Indian Telecom Industry unsure to Retain Its Subscriber Base:But Broadband Connections seems promising

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It seems that the bad days of Indian telecom sector aren’t ending. The sector finds itself in period of major uncertainty after dismal refreshed 2G spectrum auction. Indian government succeeded to generate just INR 94.1 billion (US$1.71 billion) from refreshed 2G auction, less than a quarter of expected INR 400 billion. But this time, it is unpredictable to say whether it retains its status as a second largest mobile market in terms of subscriber base. Uncertainty in the telecom industry began when honorable Supreme Court of India cancelled all 2G licenses of vendors in February this year.

For the first time in the history of Indian telecom industry, tremendous decline in subscriber base from July 2012 is been noticed. since, operators started alienating inactive prepaid subscriber base, impacted this gradual decline.

Thinking as per operators’ perspectives, the downfall of mobile subscriber base isn’t going to put any negative impact on operators. The decision was taken by telecom regulators to increase average revenue per user (ARPU) and to find out the actual active subscriber base in the country. Of course, ARPU has always been a concern for telecom vendors, and the measure would be productive for them in generating cash.

Increasing Active Subscriber Base Creates Hope

India had 937.7 million telecom subscriber bases (wireless + wireline) at the end of September this year, down 1.87% compare to the prior month. However, the teledensity of the country reached to 77.04 as of September 30, and more importantly, active subscriber base reached to peak level in September 30. It should be understood that actual active subscriber base is more important for operators compare to total subscriber base. The reason is quite obvious that the revenue of vendors depends upon actual active subscriber base rather than the total.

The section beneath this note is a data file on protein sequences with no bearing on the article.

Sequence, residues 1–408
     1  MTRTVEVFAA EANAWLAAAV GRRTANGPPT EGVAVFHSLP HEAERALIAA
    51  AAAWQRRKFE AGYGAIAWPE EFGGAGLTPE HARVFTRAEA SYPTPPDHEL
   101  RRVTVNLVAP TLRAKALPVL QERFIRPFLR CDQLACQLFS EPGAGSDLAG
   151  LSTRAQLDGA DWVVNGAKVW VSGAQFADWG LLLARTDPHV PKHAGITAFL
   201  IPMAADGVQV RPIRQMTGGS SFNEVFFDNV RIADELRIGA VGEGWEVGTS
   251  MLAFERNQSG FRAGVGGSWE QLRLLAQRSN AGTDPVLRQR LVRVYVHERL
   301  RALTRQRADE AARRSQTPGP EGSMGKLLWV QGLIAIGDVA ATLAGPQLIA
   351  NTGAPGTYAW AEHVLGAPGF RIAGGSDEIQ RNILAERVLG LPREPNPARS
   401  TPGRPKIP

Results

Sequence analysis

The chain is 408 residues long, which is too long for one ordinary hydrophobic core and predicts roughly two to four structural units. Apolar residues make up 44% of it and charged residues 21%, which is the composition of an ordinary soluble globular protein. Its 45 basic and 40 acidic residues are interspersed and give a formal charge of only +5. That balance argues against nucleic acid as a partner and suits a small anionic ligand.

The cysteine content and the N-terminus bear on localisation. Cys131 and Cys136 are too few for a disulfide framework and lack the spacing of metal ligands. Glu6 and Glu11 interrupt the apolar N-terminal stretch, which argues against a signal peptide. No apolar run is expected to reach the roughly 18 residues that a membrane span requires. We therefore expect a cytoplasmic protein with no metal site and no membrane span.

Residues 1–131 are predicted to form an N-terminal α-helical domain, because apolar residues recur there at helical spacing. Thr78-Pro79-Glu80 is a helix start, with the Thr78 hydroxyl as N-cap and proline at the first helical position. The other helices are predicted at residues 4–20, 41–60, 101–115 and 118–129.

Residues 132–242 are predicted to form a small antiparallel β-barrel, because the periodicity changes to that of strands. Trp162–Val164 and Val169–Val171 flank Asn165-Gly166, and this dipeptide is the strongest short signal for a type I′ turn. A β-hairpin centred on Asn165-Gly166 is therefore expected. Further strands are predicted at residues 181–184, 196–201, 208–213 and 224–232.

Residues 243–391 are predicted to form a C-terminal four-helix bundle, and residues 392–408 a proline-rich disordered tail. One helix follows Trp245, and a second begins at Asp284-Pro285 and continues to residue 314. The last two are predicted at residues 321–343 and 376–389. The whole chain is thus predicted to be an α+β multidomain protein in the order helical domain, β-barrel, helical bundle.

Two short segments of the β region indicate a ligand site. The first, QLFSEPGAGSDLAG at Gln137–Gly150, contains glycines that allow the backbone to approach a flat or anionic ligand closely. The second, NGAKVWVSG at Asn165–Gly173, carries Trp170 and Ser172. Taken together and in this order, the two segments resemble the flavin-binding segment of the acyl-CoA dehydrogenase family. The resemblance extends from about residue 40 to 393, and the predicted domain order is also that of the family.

Broadband Connections Rising

In terms of online access, the government is endeavoring to promote broadband internet throughout the country. In India, total broadband subscriber base increased to 15.08 million at the end of September this year from 14.82 million at the end of August 2012. In September of this year, broadband subscriber base recorded 16.19% Y/Y growth. Besides, there were 157 internet service providers (ISPs) at the end of September 2012. See the market share of top five ISPs in terms of subscriber base:

It’s true that the 2G subscriber base in India has been driven by low tariffs, low-priced handsets and most notably high competitive market created by regulators and the government. The launch of mobile number portability (MNP) in 2011 has intensified the competition in the market.  MNP requests reached to 69.78 million at the end of September 2012 from 64.92 million in the prior month. Interestingly, 4.86 million requests had been registered during the month of September 2012 alone.

On the other side, Indian government’s revised Foreign Direct Investment (FDI) policy–foreign investors can cap up to 74% of share–has desperated to local telecom vendors. Initially, foreign investors could cap up to 49% of share in spectrum bidding and they needed to tie up with local vendors.

However, increasing number of smartphones and tablets has mounted up data consumption in the country. Mobile subscribers’ appetite for data consumption could definitely be a good bode for 3G and 4G vendors. Furthermore, increasing broadband connections in the country would also fuel the telecom industry to retain its status on the global platform.




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